Boston Scientific, a developer of innovative medical devices, approached McCrone Associates, Inc. for pre-clinical analysis of a novel metal alloy, a modified 316L stainless steel, to be used in a vascular stent. Transmission electron microscopy (TEM) was used to assess the potential impact of the modification on the elemental and structural properties of the samples.
When developing metal alloys for use in medical devices, microstructural characteristics such as crystalline phase, presence of secondary phases and uniformity of elemental distribution must be assessed and combined with results from performance testing to determine whether the alloy is suitable for the intended application.
TEM is an ideal technique for analyzing metals and other materials to gain an understanding of their structural and elemental properties on the submicrometer to atomic scale. The method can be applied to materials at various stages of processing, to finished products, and even to wear debris, such as sub-micrometer particles removed from device surfaces or patient tissues.
Boston Scientific requested two TEM studies of their prototype alloy, which had been modified by addition of platinum to increase radiographic density of the vascular stent. In vascular medical devices, radiographic density determines the level at which the device can be visualized for monitoring during and after the implantation procedure.
The sample for the first study was a polished section containing precipitates observed using optical microscopy. Precipitates are not uncommon in austenitic stainless steels, and are typically chromium carbide or chromium oxide. Because the Boston Scientific material had been modified by addition of platinum, it was necessary to determine the composition of the observed precipitates.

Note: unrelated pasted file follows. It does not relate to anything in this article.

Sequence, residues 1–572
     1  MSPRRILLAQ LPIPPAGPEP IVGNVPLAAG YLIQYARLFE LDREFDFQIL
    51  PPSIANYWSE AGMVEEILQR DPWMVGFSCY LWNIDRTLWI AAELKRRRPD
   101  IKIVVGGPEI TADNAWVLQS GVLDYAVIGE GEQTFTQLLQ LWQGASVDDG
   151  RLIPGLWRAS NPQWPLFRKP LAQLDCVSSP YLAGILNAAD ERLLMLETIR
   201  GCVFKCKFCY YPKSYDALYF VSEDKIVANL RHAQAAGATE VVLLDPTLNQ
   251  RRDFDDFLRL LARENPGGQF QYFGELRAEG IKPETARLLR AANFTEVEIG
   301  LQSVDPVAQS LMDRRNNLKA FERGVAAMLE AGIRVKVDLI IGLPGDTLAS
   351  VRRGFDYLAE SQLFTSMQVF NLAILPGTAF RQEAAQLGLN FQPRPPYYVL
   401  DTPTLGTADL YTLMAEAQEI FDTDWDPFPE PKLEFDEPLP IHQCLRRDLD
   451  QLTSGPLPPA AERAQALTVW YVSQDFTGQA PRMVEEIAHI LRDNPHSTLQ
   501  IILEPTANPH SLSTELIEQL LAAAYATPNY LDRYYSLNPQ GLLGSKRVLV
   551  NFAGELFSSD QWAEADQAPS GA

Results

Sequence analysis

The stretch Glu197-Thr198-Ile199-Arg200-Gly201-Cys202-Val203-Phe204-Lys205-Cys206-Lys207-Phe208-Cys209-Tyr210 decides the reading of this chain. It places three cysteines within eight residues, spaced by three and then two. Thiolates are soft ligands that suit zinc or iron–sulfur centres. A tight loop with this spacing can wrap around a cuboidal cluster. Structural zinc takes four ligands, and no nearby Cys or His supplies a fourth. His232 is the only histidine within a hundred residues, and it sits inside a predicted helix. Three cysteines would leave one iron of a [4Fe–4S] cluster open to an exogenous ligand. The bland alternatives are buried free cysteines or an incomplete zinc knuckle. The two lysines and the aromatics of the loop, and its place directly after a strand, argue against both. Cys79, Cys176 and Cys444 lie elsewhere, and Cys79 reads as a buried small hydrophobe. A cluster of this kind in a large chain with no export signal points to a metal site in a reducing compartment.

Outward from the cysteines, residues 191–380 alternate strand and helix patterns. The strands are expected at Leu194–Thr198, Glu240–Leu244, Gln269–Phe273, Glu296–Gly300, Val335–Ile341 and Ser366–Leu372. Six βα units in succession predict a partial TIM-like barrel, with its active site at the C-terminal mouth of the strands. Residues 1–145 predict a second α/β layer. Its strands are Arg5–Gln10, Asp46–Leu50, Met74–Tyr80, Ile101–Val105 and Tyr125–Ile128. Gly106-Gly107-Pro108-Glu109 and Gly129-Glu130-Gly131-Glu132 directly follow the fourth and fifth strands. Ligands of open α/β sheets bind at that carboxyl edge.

The second study involved comparing samples of 316L tubing and platinum-enhanced 316L to determine whether the platinum was uniformly distributed, or whether its addition led to formation of secondary phases that might compromise the physical properties of the alloy.
Key to both studies was the preparation of suitably thin sections from the samples provided. The TEM utilizes a beam of high-energy electrons passing through a sample to generate signals for imaging, elemental analysis, and electron diffraction for crystalline phase identification. Samples must be flat sections 100 nanometers or less in thickness to allow the beam electrons to be transmitted through the material. Two different techniques, ion milling and electropolishing, were used to prepare thin sections of the Boston Scientific materials. The sections were then examined using a JEOL JEM-3010 TEM, where images, elemental spectra and electron diffraction patterns were acquired and analyzed to address the questions posed by Boston Scientific about their novel alloy.
Image of a typical precipitate about two micrometers in size. Inset: electron diffraction pattern obtained from crystalline precipitate.
In the first study, TEM imaging provided information about precipitate size. Elemental analysis using energy dispersive X-ray spectrometry (EDS) showed the precipitates to contain only chromium and oxygen. Measurements of atomic plane spacings obtained from electron diffraction patterns were compared to spacings for known materials, using the crystallographic database maintained by the International Centre for Diffraction Data; the precipitates were identified as probable Cr2O3.
In the second study, TEM imaging showed no evidence of inclusions or precipitates in the metal and also indicated that the crystalline grains comprising the platinum-enhanced alloy were larger than those in the standard 316L stainless steel.
Extensive EDS analysis was done, both by mapping of large areas and by spot analysis of several individual grains and grain boundaries. Segregation of elements into these thin boundary regions between grains can greatly impact the strength properties of an alloy, and it was critical to determine whether such segregation of the platinum had occurred. TEM EDS analysis showed the 316L and the platinum-modified alloy to have very uniform elemental distributions. There was no indication that secondary phases had formed, or that platinum had segregated into the grain boundaries of the modified alloy.
The transmission electron microscope is a powerful tool for microstructural analysis of metals, polymers and other materials incorporated into medical devices. Other applications of TEM analysis to medical devices at McCrone Associates have included imaging of a porous metal oxide anode device and identification of metal and polymeric wear particles isolated from devices and tissues. These studies have resulted in increased understanding of structural properties and performance, aiding in development of new, innovative materials and devices.